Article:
source

Working out regularly in the gym or at home has its obvious benefits of losing weight and building muscle mass, whilst also lowering your risk for a whole host of medical conditions such as heart disease, stroke, arthritis and many more. It also increases your endorphin production, a hormone that helps manage stress levels. In spite of the countless benefits, it could put your teeth at risk making you more vulnerable to cavities, gum disease and injury.

Here are 3 tips to make sure we keep your teeth safe whilst training:

1. Cut Out The Sugary Drinks

giphy

Many people bring a sports or energy drink to the gym to replenish their nutrition and hydration during a workout, but these can actually increase your risk for cavities and gum disease. Sports drinks are quite high in sugars, which coat your teeth as you sip at them throughout your workout. The bacteria in plaque, the sticky film that can develop over your teeth, consume these sugars and produce acid in return, which decays your enamel and can bring on gingivitis (bleeding gums) if it collects beneath your gums. If your energy or sports drink is at all acidic or carbonated, this further compounds your risk for erosion and risk of sensitivity.

In addition, according to recent reports, most of these beverages are not nearly as beneficial for performance or health as they claim to be. If you’re not doing a particularly strenuous or endurance-focused workout, water and a healthy diet (with plenty of calcium, magnesium, and salt) are all you need to replenish your electrolytes and keep your body functioning well.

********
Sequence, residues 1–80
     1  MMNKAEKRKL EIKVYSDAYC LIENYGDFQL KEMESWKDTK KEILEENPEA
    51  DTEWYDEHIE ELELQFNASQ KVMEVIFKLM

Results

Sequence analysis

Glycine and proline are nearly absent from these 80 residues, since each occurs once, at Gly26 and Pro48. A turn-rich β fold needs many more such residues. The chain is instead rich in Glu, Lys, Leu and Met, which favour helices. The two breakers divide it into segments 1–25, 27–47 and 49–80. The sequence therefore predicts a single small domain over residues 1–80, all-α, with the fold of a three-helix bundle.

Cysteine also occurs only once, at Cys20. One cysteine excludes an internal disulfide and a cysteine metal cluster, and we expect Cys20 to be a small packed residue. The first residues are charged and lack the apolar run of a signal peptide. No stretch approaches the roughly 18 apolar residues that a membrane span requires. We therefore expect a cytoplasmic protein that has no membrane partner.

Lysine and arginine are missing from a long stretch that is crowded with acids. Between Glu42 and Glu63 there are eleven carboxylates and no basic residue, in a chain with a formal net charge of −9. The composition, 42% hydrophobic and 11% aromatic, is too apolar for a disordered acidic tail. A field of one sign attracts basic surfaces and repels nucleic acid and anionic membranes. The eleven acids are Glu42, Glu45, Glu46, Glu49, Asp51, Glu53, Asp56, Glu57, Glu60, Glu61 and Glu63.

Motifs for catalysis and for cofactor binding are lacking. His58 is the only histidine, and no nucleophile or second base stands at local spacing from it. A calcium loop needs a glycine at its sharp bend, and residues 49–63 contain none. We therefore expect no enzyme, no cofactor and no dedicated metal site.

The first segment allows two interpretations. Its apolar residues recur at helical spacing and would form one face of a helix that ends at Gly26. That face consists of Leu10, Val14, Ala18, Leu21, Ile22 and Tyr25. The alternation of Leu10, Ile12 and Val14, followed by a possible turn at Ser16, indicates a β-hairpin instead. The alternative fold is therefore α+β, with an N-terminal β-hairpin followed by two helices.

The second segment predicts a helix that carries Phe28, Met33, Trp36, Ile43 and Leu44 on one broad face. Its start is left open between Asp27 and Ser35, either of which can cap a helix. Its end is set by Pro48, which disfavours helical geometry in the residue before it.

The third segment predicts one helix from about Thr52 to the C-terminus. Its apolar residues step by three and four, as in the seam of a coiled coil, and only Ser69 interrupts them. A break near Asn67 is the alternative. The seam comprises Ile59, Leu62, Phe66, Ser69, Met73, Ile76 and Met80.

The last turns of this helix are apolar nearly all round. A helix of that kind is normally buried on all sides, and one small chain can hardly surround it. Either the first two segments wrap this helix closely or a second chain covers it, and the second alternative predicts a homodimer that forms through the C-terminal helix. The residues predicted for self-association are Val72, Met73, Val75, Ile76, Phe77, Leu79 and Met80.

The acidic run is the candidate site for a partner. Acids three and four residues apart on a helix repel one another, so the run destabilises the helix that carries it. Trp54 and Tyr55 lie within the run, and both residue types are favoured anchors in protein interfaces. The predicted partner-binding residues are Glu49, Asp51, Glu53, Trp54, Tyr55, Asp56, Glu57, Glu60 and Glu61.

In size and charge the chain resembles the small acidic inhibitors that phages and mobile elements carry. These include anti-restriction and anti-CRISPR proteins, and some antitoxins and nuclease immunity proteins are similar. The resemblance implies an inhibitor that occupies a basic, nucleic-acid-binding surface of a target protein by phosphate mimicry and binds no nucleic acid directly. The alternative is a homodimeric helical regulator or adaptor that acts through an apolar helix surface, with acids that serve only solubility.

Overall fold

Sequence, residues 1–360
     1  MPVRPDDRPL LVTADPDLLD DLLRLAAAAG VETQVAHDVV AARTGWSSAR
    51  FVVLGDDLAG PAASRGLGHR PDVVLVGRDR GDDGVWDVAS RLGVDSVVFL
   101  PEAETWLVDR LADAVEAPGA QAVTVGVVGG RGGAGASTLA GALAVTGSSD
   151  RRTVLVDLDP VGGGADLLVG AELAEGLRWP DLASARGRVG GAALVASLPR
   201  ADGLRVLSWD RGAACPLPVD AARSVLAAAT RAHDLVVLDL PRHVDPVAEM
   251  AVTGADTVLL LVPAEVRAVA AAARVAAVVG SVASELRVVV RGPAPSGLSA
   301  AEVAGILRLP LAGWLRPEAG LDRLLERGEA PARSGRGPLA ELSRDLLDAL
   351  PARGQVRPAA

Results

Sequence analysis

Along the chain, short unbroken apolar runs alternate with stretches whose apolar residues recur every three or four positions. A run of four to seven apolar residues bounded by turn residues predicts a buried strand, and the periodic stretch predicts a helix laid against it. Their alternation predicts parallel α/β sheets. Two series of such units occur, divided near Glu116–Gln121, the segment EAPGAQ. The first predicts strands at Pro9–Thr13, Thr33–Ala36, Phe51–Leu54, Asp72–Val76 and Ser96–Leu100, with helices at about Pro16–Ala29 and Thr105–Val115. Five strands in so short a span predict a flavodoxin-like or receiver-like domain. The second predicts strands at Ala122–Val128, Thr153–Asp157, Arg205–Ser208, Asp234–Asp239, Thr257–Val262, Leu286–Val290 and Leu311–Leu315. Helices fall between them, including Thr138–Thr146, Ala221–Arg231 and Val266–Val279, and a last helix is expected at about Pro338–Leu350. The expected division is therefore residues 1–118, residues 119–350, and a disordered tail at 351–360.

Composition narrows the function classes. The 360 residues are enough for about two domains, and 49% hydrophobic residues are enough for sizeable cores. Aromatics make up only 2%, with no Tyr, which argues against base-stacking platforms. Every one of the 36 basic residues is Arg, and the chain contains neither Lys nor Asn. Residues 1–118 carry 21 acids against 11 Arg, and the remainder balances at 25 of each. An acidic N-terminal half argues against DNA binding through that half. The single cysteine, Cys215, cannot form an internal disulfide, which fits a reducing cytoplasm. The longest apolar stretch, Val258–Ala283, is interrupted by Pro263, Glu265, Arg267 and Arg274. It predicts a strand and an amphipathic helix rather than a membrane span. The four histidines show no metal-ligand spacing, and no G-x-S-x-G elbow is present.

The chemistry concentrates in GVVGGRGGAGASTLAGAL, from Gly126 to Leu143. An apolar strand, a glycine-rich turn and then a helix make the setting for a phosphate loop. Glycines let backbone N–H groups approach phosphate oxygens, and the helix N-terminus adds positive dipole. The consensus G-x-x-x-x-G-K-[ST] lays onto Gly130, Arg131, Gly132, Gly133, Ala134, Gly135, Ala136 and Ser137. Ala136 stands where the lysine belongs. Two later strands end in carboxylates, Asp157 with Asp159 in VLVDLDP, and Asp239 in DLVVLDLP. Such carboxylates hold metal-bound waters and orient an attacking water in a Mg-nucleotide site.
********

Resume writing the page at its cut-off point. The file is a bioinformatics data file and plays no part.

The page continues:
2. Drink Plenty Of Water

source (1)

Your saliva is your first line of defence against decay and gum disease. As well as acting as a natural mouthwash, it includes enzymes to break down debris and antibacterial compounds to fight infection.

The Scandinavian Journal of Medicine and Science in Sports conducted a study to pinpoint why athletes tend to have oral health issues. Quartz magazine reported on the research, noting that the triathlete participants who trained the most had a higher risk for cavities, likely due to the fact that they “produced less saliva overall” while working out and “had a significantly higher pH” (meaning it was more alkaline) for their spit during activity.

While your trip to the gym probably isn’t at quite the intensity level of a triathlon training program, making sure to stay hydrated can help increase saliva flow and help your mouth protect itself!

3. Wear Protective Fitness Gear

giphy (1)

You likely have sportswear for the rest of your body, but what about your teeth? Especially if you’re new to gym equipment, trying out a new exercise class, or playing a contact sport, it’s important to wear a mouth guard, a plastic device that covers and protects your teeth from potential injury. Trauma to the teeth can be painful and could cause more complicated conditions like an infected pulp (which would require root canal therapy). Cracks or fractures also increase your risk for cavity and gum disease by creating small pockets where bacteria can thrive.

A dentist (like myself) can create a custom-made mouth guard for you to precisely, comfortable cover your teeth and gums. Of course, if you do sustain a dental sports injury, we can help you repair your smile and get back to the gym in no time!

Here's how you can get hold of me:

Dr H. Ahmed BChD MJDF (RCS)

Associate Dental Surgeon

Forest House Dental Surgery Ltd., 530 Braunstone Lane, Leicester, LE3 3DH

Office   +44 (0)1162 898888

http://www.foresthousedental.co.uk

Thanks for reading!